Fragments: Poems, Intimate Notes, Letters
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Fragments is an event―an unforgettable book that will redefine one of the greatest icons of the twentieth century and that, nearly fifty years after her death, will definitively reveal Marilyn Monroe's humanity.
Marilyn's image is so universal that we can't help but believe we know all there is to know of her. Every word and gesture made headlines and garnered controversy. Her serious gifts as an actor were sometimes eclipsed by her notoriety―and by the way the camera fell helplessly in love with her.
Beyond the headlines―and the too-familiar stories of heartbreak and desolation―was a woman far more curious, searching, witty, and hopeful than the one the world got to know. Now, for the first time, readers can meet the private Marilyn and understand her in a way we never have before. Fragments is an unprecedented collection of written artifacts―notes to herself, letters, even poems―in Marilyn's own handwriting, never before published, along with rarely seen intimate photos.
Jotted in notebooks, typed on paper, or written on hotel letterhead, these texts reveal a woman who loved deeply and strove to perfect her craft. They show a Marilyn Monroe unsparing in her analysis of her own life, but also playful, funny, and impossibly charming. The easy grace and deceptive lightness that made her performances indelible emerge on the page, as does the simmering tragedy that made her last appearances so affecting.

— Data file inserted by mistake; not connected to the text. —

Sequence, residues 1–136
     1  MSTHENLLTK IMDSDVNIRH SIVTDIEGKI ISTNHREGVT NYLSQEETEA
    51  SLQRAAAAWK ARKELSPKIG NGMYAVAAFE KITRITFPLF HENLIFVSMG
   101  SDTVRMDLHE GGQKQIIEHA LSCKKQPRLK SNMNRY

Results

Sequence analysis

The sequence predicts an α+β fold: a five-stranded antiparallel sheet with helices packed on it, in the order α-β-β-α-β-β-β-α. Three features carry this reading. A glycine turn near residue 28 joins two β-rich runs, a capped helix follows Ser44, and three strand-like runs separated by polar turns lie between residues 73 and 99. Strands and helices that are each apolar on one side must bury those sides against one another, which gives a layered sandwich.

put chicken or turkey In 350° oven roasting chicken—3 or 4 lbs. or larger cooks 30 min to 1 lbs. let cook In own juice add little water as you go 1/2 glass vinegar—put In when half done cooks 2 hours put potatoes mushroom—button canned peas—fresh LEE AND PAULA STRASBERG When Marilyn arrived in New York at the beginning of 1955, she soon found her heart’s dream: the Actors Studio, which she hoped would open the doors to a new status as an artist. Just as quickly, Lee Strasberg
shoot. Beaton saw her as a very paradoxical figure, a siren and tightrope-walker, femme fatale and naive child, the last incarnation of an eighteenth-century face in a portrait by Greuze living in the very contemporary world of nylons, sodas, jukeboxes, and drive-ins. What really struck Cecil Beaton was Marilyn’s ability to keep transforming herself, to give the photographer a thousand variations of herself, without inhibition but with a real uncertainty and vulnerability—even though her
the fuse, it is her own weird genius that has sustained her flight. Transfigured by the garish marvel of Technicolor cinemascope, she walks like an undulating basilisk, scorching everything in her path but the rosemary bushes.” He concluded, “Perhaps she was born just the post-war day we had need of her. Certainly she has no knowledge of the past. Like Giraudoux’s Ondine, she is only fifteen years old, and she will never die.” Ambassador Hotel, New York, 1956 FUNERAL EULOGY by Lee
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myself for that’s all I really have and as I see it now have ever had. Roxbury—I’ve tried to imagine spring all winter—it’s here and I still feel hopeless. I think I hate it here because there is no love here anymore. I regret the effort I desperately made here. I tried to fight what with my being I knew was true that due to pressure (it’s going to sound like a telegram) that have come in my work (it’s funny I’ve always accepted even the worst—tried to oppose it if it meant jeopardizing my work)